I think it is a valid fear to say that the person with the strongest narrative can sway a debate either way and move the discourse away from what should be the focus. But time and time again, we’ve seen the role that personal narratives have had in mobilizing action. When we think about international aid and development funding, there’s this stereotype of a poor child from a developing country, who is underfed and dizzy and diseased. And that’s a very tired stereotype. But it worked because a lot of aid organizations realized that statistics weren’t getting them the donations that they needed but selling personal stories of tragedy and suffering and adding a name to that pain. And I think whether it’s manipulation or not, is debatable, but at the end of the day, when there is something that is so pivotal is oil and gas policy. I think it is so important to listen to what people have to say.
Yeah, I think data and individual and narrative don’t necessarily have to be against one another, but they also are important checks and balances on one another.
It’s one thing to say, “Oil and gas generates X billion dollars of revenue for the state of Colorado.” But then it’s another to hear personal stories about how certain communities or certain groups or certain individuals are impacted by oil and gas. Because there are specific people who and there is a clear causality of like, oh, this person was wronged by oil and gas, either by their water being unsafe to consume or by literally their house exploding,
With policymaking, it’s all about compromise. And it’s all about ensuring that no one gets left behind to the best of the policymaker’s ability.
I understand that you’ve traveled around a fair amount in your education. You went to UWC Mahindra near Pune [India], then to CC. And you also spent six months at the London School of Economics. To start, what was on your mind when you left UWC Mahindra to come to CC?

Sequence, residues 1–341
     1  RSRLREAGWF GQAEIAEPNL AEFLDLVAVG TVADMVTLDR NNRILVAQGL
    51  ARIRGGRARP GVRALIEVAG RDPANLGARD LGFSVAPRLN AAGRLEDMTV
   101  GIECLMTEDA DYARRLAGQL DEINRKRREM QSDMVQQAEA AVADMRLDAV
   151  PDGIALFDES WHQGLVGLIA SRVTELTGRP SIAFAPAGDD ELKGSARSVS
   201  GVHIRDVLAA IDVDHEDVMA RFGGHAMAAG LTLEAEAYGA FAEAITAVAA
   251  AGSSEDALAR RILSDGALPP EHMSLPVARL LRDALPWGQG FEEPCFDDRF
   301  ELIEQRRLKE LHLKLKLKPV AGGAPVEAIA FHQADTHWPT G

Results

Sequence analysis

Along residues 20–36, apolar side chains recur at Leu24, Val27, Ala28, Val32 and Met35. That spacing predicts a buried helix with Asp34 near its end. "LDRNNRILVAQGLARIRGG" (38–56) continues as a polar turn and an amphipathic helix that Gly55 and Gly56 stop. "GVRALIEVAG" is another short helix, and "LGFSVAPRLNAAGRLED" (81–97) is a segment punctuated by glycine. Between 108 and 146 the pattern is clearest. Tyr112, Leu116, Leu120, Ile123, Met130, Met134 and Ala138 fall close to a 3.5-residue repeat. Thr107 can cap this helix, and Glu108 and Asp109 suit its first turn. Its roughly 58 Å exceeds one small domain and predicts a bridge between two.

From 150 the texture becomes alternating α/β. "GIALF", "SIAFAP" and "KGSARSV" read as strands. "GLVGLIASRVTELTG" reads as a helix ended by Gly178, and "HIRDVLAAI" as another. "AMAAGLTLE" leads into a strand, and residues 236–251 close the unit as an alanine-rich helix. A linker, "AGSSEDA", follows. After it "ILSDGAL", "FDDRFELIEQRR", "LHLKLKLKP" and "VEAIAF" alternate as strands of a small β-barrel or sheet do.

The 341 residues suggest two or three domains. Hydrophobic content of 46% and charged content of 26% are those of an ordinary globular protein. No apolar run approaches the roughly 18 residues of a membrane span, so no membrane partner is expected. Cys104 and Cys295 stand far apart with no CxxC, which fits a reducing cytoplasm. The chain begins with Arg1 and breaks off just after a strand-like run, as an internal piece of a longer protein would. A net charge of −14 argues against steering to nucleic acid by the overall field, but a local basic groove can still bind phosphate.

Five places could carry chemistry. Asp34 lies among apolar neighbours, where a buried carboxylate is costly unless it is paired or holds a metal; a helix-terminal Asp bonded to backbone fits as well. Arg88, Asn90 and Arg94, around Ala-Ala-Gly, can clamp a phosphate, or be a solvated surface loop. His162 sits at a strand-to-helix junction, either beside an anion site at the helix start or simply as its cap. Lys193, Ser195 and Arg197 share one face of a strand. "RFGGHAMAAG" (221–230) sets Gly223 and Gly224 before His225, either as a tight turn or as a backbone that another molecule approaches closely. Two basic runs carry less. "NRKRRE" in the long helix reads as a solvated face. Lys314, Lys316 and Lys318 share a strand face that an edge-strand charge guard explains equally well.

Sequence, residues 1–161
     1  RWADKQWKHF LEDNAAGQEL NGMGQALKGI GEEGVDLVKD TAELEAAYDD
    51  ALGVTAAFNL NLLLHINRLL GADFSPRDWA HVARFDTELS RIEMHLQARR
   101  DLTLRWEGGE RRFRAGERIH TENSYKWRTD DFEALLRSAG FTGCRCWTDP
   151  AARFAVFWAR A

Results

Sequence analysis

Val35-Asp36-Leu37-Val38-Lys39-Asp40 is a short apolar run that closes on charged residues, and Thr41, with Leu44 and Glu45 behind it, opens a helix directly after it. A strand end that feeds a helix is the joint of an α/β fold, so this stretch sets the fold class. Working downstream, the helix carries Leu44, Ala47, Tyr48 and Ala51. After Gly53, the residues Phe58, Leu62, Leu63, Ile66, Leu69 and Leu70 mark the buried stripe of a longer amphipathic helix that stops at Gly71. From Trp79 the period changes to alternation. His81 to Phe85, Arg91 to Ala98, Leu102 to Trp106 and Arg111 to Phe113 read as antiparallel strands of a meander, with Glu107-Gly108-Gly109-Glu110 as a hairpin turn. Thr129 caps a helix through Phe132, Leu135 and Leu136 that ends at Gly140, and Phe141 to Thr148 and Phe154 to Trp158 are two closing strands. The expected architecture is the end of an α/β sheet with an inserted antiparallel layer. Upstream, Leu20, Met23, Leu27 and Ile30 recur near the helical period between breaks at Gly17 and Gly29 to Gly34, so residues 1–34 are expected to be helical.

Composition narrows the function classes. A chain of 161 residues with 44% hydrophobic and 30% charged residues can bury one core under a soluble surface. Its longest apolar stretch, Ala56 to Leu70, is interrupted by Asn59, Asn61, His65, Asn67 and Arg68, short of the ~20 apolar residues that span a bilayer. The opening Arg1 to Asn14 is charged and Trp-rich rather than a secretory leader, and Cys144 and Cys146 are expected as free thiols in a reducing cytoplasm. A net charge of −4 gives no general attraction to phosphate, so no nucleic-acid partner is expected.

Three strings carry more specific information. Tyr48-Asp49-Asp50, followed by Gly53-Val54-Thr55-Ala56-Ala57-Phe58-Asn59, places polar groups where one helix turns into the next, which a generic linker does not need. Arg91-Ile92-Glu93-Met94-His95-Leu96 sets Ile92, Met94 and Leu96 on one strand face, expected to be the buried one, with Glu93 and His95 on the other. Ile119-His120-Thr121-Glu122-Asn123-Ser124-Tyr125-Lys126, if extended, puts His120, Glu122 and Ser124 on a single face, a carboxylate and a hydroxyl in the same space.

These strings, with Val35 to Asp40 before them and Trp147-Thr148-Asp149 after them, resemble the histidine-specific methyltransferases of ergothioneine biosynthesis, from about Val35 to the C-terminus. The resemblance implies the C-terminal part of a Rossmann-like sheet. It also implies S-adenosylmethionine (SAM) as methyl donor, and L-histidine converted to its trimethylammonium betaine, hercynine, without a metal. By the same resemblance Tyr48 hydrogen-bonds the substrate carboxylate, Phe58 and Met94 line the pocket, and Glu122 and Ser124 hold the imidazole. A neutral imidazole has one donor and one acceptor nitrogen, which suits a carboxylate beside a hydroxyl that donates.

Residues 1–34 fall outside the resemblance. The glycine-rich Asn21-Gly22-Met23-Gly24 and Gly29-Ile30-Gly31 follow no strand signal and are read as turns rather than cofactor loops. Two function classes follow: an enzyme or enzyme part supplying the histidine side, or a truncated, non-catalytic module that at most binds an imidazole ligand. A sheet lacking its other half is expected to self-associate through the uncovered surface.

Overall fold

At that point, I was just excited because I got into this program called Semester at Sea and got to travel quite a bit. Semester at Sea is a study-abroad program that’s partnered with Colorado State University. And it’s typically done by college juniors in the U.S. who wanted a typical study abroad experience. On my voyage, we went to 11 countries and 13 different ports in the span of a semester, and still took a full semester worth of academic coursework as well.
I had a lot of apprehension because I was one of the few gap year students on that program, which is primarily U.S. college kids, mostly juniors. I never interacted with too many Americans. So that gap experience was a good steppingstone of sorts to my acclimatization to Colorado and American life.
I think as with most international students, our view of the U.S. is very much shaped by media. So even before Semester at Sea, I had this idea of what the U.S. was. But then during Semester at Sea, it allowed me to interact with people from the U.S. in a neutral space. So, I think that was probably the biggest takeaway from semesters was being able to interact with people when they feel uncomfortable and are learning something new or being challenged in a new setting. That allows you to be more vulnerable.